My mom and I regularly stay at VRBO listed properties. (VRBO is like AirBnB, but caters more to families looking for a vacation rental, somewhere to live while in a vacation spot.) The #1 thing I would want would be a stocked fridge/pantry. Milk, eggs (not a dozen), oil, coffee, butter, etc. etc. I don't want to have to be running around to the supermarket on my arrival night so I'm able to cook the next day.
posted by Harvey Kilobit at 11:53 PM on June 12 [3 favorites]


At my somewhat remote AirBnb cottage, many people arrive late at night after 3-5 hour drives. So I stock for breakfast with my standard provisions being: bacon, 12 eggs, bagels, cream cheese, muffins, butter, good tea/coffee, 1/2 and 1/2, and orange juice. It works out to about $20/visit because not everyone eats everything. Other people eat it all; it's both extremes. Every package is unopened, except the eggs which sit in the fridge container, and the muffins (or other pastry) which comes in the bakery box. People like the mix and I'm pretty sure I could charge for it; your niece is on to something!

Caution: though tempting, check out whether there are any legal or insurance issues with packages that include wine/beer/spirits.

Idea: Get the airbnb/VRBO property list from the local tourism tax collection organization (faster than figuring it out from the site) and offer other hosts the program.

Another idea: she can come up with some "experiences" and sell those through AirBnb directly, which will get them in front of everyone searching or booking in your area.

The fridge tends to have a rolling complement of condiments, salad dressing, etc. which I don't track. The cottage also has standard cooking stuff around: oils, herbs/spices, baking basics, etc.
posted by carmicha at 4:13 AM on June 13 [4 favorites]


Oh and I used to provide milk and fruit, but I was throwing away a lot so I stopped.
posted by carmicha at 4:14 AM on June 13 [3 favorites]


I once had an Airbnb host offer driving me to/from the airport as an upcharge - this makes sense if you expect a lot of people coming by air or rail who would rather not figure out the local bus/subway on arrival, or would rather not pay for a cab.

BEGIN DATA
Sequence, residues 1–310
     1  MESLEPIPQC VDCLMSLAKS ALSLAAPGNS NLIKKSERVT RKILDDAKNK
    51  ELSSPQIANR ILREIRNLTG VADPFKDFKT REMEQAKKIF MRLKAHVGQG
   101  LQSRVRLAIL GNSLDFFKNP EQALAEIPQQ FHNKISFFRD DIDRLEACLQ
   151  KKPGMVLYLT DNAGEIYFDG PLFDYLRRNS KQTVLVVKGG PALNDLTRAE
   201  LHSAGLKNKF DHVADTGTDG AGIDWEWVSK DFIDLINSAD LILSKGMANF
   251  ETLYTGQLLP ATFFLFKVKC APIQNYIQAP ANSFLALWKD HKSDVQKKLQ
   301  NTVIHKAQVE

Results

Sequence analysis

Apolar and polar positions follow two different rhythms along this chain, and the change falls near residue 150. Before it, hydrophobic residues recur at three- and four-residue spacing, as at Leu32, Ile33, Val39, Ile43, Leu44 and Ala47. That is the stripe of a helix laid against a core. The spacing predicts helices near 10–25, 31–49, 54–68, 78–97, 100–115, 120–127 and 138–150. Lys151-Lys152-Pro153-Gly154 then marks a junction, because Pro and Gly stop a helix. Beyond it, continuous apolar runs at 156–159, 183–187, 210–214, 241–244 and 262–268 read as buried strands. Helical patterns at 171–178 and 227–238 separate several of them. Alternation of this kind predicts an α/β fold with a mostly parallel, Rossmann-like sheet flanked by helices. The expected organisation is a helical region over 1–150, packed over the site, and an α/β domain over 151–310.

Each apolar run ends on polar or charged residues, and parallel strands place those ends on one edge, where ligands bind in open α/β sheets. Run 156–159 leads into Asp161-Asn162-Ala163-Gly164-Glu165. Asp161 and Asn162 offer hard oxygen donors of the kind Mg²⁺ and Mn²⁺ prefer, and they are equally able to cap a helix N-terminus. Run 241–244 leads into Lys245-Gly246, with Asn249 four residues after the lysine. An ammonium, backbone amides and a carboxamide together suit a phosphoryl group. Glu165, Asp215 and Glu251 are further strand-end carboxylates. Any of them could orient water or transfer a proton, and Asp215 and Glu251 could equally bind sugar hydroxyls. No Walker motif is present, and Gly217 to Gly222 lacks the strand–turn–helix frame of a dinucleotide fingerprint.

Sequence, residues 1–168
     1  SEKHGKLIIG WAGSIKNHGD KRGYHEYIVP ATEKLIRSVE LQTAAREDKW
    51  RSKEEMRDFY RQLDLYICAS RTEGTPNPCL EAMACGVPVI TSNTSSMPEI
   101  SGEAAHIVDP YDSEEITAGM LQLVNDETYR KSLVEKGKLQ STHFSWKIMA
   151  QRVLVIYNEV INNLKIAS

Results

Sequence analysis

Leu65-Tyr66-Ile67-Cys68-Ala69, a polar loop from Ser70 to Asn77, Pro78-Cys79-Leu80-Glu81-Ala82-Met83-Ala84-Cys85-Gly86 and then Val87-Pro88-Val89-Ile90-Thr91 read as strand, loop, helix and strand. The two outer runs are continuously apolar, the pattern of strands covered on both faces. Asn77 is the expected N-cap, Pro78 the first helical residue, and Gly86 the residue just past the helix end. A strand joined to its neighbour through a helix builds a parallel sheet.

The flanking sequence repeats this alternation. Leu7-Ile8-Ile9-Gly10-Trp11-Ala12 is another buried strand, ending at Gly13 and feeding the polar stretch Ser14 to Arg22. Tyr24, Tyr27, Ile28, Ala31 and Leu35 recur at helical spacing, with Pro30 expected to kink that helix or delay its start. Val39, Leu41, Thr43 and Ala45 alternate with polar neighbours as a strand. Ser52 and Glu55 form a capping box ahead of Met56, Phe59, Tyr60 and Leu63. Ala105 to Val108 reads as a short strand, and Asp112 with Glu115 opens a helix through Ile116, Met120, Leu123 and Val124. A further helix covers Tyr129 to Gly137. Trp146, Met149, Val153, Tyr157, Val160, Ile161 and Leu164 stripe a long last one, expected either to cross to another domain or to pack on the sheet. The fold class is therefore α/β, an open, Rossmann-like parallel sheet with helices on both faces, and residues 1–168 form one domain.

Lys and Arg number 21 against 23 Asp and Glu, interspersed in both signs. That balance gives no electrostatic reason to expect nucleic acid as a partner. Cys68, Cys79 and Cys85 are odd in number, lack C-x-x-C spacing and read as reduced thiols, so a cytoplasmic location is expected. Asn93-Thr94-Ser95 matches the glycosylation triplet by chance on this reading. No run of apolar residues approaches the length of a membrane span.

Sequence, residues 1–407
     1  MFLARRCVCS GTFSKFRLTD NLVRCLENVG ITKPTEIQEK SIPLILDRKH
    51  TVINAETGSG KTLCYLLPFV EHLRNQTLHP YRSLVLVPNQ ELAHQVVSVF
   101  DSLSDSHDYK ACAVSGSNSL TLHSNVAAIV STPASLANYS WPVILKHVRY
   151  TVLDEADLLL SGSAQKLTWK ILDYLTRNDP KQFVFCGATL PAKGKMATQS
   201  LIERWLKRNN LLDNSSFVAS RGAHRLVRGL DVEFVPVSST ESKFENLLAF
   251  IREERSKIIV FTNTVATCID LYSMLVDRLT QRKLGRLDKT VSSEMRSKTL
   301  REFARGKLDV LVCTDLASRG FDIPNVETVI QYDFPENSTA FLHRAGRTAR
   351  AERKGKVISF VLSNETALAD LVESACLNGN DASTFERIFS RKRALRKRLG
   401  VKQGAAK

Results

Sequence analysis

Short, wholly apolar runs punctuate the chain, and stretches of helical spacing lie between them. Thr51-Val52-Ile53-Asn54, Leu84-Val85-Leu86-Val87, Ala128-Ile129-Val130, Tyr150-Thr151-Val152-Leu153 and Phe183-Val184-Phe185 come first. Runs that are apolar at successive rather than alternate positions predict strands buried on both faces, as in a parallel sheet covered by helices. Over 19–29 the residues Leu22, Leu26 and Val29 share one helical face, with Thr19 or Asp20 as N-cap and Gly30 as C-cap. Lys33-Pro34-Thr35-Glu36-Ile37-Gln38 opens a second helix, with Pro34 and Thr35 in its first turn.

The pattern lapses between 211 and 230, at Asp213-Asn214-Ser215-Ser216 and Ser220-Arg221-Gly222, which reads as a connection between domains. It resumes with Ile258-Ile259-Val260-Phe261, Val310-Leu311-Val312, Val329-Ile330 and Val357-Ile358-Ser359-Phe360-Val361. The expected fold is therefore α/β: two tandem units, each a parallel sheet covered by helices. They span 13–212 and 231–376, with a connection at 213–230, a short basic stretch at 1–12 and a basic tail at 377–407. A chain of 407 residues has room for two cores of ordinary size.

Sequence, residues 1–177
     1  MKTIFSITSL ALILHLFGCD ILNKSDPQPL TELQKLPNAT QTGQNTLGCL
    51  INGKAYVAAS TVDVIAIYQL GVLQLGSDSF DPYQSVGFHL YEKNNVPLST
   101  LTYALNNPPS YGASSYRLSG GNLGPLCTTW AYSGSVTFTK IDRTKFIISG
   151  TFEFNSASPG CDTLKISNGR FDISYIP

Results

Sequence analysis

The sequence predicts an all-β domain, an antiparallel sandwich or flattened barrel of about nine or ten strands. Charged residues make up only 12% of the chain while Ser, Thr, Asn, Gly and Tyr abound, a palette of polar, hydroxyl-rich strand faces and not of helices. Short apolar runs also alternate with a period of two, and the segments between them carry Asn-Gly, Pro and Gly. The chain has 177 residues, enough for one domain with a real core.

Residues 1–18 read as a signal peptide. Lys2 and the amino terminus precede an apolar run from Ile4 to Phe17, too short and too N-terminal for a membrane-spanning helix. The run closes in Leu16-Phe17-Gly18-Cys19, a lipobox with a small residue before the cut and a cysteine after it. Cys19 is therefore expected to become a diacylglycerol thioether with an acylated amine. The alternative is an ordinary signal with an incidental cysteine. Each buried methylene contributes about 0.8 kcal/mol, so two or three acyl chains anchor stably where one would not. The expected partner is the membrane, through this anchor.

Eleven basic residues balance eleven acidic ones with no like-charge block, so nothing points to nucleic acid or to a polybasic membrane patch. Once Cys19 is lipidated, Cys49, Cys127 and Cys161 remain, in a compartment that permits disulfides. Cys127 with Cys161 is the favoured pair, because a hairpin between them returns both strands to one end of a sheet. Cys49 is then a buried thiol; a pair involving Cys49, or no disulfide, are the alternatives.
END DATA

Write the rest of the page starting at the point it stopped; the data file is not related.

posted by DoubleLune at 4:19 AM on June 13 [3 favorites]


Earplugs. You can buy individually wrapped pairs in bulk and sell them for $1 (or more?) a pair.
Toothbrush/toothpaste for folks who forgot theirs. You can buy ‘disposable’ ones in bulk, even ‘pre-pasted,’ and give them away for lots of goodwill and perhaps better ratings.
Chocolate. Specify whichever Armenian treats come in a chocolate flavor.
Vegetarian (no animal rennet) cheese and crackers with no meat for the vegetarian crowd.
Vegetarian sandwich option.
Tea and local honey. I love local honey but tracking it down can be very time consuming. Perhaps a local producer would make some tiny jars for you?
Power adaptors if they’re needed.
posted by bilabial at 4:20 AM on June 13 [1 favorite]


Final addendum; a few times folks got pretty upset about the bacon even being in the fridge because it wasn't kosher/halal. Consequently, I tell them ahead of time what will be stocked as a matter of course and ask them to tell me if they have any food allergies or restrictions I should keep in mind. This has sometimes led to pretty detailed special requests, which is fine but sometimes kind of a PITA; it goes with the territory.
posted by carmicha at 4:21 AM on June 13 [3 favorites]


I'm not clear on exactly how this is going to work, but I'm vegan, I don't drink, and I don't like coffee, and finding a bunch of perishable items that I wasn't going to use would bother me. So I would suggest making sure people can opt out of that. Or if you want to have a vegan option, you could have fruit, vegetables, bread, hummus, and peanut or almond butter. I don't expect people to do anything special for me, but if there were a bunch of meat, cheese, and non-vegan pastries, I would assume I was paying for something I wouldn't use.
posted by FencingGal at 4:23 AM on June 13 [6 favorites]


Just to add, commercial vegan bread isn't easy to find, so don't assume bread is vegan. French bread generally is.